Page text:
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South Carolina: Laziness Not An Excuse Under Voter ID Law

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South Carolina is among the states that must have changes to their voting laws cleared by either the Justice Department or a panel of judges in D.C. under Section 5 of the Voting Rights Act. The state wants its voter ID law to go into effect for the November election.

Lawyers for the state have argued officials there will broadly interpret the so-called "reasonable impediment" provision of the law, which allow voters to cast a ballot if they attest something outside of their control prevented them from obtaining photo identification. The provision is the "only reason this would work for 2012," Bartolomucci said.

But he also added there was a limit to the kinds of reasons voters could give about why they lacked a photo ID.

"That's a personal choice. That's not a reasonable impediment. That's not an obstacle," Bartolomucci said of the "I didn't feel like it" excuse, adding that "Mars is made of green cheese" wouldn't count either.

Judge Colleen Kollar-Kotelly, however, said she wasn't buying the metaphor. "That doesn't help," she told Bartolomucci of the Mars comparison.

Matthew Colangelo of the Justice Department's Civil Rights Division argued that South Carolina's own testimony showed there was no way the law could be fairly implemented given the limited number of days left before the election.

"There's no set of circumstances in which the law can be implemented in 2012," Colangelo argued, pointing out that a state election official testified earlier this year that she would need at least 90 days to implement the law.

Colangelo, summarizing the decision of a separate panel of federal judges on a voter ID law in Texas, said the court found that forcing voters to "choose between their wages and their franchise is impermissible." He argued that the burden forced upon a subset of voters, who Colangelo said were more likely to be African-American by a 2-to-1 margin, to report to a potentially far-flung location wouldn't be permissible under the Voting Rights Act.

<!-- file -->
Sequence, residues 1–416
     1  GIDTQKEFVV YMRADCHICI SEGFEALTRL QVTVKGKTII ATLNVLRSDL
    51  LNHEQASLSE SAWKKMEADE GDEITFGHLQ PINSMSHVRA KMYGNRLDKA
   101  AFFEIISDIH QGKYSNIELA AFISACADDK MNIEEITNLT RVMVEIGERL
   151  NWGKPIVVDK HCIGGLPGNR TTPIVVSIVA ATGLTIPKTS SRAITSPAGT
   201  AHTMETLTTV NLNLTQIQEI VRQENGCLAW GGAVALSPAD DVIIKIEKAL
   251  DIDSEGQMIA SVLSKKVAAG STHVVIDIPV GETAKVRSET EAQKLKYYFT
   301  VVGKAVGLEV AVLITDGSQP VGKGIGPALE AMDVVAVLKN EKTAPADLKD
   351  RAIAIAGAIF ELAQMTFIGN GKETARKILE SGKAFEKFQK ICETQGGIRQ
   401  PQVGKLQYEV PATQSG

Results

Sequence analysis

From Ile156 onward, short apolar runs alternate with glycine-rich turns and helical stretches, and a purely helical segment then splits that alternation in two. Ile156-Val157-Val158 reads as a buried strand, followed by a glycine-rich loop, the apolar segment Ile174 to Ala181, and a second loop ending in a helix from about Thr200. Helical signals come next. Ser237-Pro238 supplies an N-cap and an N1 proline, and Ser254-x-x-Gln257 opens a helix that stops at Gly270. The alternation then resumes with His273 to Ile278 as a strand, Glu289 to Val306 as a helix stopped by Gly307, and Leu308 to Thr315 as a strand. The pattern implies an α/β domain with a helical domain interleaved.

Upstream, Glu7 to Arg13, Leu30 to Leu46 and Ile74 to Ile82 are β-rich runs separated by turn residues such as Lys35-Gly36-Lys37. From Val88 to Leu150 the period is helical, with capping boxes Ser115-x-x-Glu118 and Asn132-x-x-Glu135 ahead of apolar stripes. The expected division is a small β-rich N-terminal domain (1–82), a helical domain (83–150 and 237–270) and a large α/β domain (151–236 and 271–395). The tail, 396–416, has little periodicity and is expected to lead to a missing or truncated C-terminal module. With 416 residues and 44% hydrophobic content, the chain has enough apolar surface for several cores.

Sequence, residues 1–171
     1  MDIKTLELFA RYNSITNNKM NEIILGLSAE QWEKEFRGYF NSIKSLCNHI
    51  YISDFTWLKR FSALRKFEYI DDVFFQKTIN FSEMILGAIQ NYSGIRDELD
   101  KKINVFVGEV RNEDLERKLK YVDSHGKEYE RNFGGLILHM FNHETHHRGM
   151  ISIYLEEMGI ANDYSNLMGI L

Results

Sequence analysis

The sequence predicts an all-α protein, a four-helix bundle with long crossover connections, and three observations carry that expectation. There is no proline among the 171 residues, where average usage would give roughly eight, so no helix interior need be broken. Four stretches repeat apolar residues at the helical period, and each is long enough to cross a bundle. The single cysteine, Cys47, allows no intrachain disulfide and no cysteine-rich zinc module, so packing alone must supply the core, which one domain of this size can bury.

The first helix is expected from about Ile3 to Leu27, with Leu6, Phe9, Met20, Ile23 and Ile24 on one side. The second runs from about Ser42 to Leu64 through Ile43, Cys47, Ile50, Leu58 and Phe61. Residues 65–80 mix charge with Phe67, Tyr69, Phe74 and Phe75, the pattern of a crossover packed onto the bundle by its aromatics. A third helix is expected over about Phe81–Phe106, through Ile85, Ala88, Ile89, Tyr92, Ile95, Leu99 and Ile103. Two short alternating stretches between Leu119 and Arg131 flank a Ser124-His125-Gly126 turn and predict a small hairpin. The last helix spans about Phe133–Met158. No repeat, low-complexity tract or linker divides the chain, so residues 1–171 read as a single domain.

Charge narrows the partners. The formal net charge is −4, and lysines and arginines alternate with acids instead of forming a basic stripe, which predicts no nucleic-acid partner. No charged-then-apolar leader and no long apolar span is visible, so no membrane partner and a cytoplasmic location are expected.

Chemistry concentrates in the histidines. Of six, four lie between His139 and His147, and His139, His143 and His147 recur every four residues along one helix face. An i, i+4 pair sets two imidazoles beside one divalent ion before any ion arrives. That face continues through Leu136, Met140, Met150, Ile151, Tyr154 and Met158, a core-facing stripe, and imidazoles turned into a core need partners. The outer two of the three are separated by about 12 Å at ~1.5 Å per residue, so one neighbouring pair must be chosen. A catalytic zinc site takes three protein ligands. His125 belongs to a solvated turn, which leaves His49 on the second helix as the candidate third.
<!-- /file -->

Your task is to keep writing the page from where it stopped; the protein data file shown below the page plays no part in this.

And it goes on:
Questions from the panel of judges — made up of Kollar-Kotelly, Judge Brett Kavanaugh and Judge John Bates — seemed to indicate that the state's use of the "reasonable impediment" provision would play a key role in their decision.

Garrard Beeney, arguing on behalf of civil rights organizations intervening in the case, also noted that South Carolina law required notaries to determine if someone is intoxicated or on drugs before they signed an affidavit. Given that blacks are less likely to have a form of state-issued identification, he said, the law would lead to them being asked that question in disproportionate numbers at the polls.

"We'd now have, in the polling place, 21,000 human breathalyzers to determine whether someone in eligible to vote," Beeney argued.

Judge Bates agreed, noting that "an even-handed application of 'are you drunk' is going to end up affecting more African-Americans" because of the racial make up of the pool of voters who lack identification.

The way the law was passed also plays a role in the case. Before it was signed by Gov. Nikki Haley (R) in May 2011, Democrats and African-American legislators tried to compromise with Republicans by adding additional forms of acceptable identification and add early voting days. South Carolina argued that the rejection of such provisions from the final law were part of the normal legislative process.

"Now did the Democrats and minorities get everything that they wanted? No, but that's politics and that's the legislative process," Bartolomucci said in his closing arguments. He also argued that early voting "is not a mitigator for voter ID." Voting rights advocates maintain that early voting would give voters who are prevented from voting because they lack ID an opportunity to obtain identification before election day.

The panel of federal judges is expected to issue its decision in October.